The next speaker was Mary O’Donnell, Chair of the Nursing Department, who stated that “the geriatric population has grown tremendously and is expected to grow, I believe, four-fold by 2040. Most older people need to be cared for as they age. They are health consumers.” O’Donnell mentioned that, thanks to the Brooklyn Home, the Department was able to provide scholarships to 11 nursing students over the past year. There is another initiative, however, that the Brooklyn Home is funding, the Center for the Education of Nurses in the Care of Older Adults (CENCOA). When it is completed this fall, CENCOA will provide a realistic, but nonthreatening, environment for nursing students along the academic spectrum from the associate’s to the master’s level, to participate in scenarios in a model of an assisted living apartment with mannequins that have vital signs. As students encounter these scenarios, they are videotaped so that they can critique their own performances in tandem with an evaluation from a faculty member.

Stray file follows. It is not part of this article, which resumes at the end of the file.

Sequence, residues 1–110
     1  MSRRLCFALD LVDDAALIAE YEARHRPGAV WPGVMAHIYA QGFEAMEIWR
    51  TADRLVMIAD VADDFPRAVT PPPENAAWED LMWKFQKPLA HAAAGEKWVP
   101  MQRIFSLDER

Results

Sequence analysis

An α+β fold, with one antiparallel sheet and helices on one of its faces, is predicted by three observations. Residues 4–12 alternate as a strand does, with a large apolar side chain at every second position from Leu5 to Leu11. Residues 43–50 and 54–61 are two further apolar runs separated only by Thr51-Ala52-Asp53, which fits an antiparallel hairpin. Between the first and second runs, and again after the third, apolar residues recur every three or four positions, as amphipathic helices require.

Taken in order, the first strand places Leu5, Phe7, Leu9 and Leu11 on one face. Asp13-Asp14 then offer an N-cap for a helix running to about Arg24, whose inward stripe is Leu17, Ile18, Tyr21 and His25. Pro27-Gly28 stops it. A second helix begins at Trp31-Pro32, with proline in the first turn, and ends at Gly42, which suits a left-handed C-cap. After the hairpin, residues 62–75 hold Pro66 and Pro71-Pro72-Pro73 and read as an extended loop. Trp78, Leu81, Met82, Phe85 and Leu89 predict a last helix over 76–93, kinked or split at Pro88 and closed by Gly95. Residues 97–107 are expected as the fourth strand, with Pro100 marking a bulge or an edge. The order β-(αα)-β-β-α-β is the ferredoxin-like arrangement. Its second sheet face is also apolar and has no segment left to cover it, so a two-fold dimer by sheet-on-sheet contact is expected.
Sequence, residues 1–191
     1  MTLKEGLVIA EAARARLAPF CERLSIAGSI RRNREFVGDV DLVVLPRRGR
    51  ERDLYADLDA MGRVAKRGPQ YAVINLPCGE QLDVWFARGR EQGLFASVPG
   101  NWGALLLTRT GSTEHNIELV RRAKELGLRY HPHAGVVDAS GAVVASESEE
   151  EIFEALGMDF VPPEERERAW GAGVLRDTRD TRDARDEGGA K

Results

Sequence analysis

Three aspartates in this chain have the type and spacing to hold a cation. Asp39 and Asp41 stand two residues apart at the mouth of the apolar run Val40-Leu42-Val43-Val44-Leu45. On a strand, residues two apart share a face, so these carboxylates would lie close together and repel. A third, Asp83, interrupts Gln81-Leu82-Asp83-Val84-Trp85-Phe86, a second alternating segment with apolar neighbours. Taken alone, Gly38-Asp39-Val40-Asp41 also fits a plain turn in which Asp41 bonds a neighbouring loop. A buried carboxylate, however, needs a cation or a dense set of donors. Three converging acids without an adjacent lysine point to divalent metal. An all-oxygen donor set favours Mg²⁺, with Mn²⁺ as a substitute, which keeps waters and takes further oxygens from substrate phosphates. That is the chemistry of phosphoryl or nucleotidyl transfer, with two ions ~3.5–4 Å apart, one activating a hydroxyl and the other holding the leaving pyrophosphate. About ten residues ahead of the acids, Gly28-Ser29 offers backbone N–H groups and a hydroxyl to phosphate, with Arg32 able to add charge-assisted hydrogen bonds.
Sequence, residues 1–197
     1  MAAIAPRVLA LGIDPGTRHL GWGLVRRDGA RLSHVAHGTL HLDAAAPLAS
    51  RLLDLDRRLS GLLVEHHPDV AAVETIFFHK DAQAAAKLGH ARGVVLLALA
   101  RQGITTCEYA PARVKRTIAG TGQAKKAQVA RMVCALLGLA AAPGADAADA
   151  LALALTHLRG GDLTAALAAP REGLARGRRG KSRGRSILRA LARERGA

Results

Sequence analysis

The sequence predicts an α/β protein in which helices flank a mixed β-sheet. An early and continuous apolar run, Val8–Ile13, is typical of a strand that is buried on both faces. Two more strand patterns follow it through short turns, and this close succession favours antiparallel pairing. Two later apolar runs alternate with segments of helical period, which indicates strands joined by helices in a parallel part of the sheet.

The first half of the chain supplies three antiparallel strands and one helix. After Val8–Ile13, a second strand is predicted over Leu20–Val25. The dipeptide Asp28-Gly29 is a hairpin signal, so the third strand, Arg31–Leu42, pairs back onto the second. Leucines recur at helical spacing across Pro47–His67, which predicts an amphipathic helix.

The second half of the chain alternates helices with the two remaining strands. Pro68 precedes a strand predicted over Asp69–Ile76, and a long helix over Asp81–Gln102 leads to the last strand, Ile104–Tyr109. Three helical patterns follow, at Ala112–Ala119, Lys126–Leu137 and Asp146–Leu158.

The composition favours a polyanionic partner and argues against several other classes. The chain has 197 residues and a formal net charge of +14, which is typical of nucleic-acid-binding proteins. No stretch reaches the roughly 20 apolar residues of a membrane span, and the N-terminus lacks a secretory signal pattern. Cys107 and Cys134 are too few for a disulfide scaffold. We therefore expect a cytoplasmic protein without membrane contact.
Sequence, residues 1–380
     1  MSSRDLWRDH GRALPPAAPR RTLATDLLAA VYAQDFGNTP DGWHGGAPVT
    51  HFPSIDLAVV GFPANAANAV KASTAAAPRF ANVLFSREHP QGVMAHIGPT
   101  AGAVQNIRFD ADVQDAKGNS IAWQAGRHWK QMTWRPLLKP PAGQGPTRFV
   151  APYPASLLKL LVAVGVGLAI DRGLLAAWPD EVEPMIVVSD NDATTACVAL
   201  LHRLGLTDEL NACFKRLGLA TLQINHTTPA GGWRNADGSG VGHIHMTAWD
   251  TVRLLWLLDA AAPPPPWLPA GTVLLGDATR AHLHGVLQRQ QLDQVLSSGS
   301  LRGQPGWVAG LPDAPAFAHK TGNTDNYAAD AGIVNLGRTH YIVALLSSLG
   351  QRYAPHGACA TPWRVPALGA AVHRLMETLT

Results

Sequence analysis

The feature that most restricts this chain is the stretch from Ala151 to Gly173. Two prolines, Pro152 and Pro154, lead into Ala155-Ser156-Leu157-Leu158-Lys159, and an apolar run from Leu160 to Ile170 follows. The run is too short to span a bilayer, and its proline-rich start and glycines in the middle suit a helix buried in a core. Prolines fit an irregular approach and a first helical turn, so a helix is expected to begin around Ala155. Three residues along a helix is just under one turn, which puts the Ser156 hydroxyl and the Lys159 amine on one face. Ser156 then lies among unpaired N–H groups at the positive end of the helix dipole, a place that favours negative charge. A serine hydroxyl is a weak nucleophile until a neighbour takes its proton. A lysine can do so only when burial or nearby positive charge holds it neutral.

“This Center was developed,” O’Donnell said, “because students usually don’t get enough exposure to the care of older adults in the home, and most seniors prefer to be cared for in the home, and it’s more cost-effective.” In addition, O’Donnell noted that CENCOA will prepare nursing students for jobs caring for patients in their homes.

Arlene Farren, Associate Professor of Nursing at the College, concluded the presentation by providing the Schaefers with some more detailed information about the inner workings of CENCOA.

Following the lunch, the Schaefers attended the Spring Pinning ceremony for AAS degree recipients.

By Terry Mares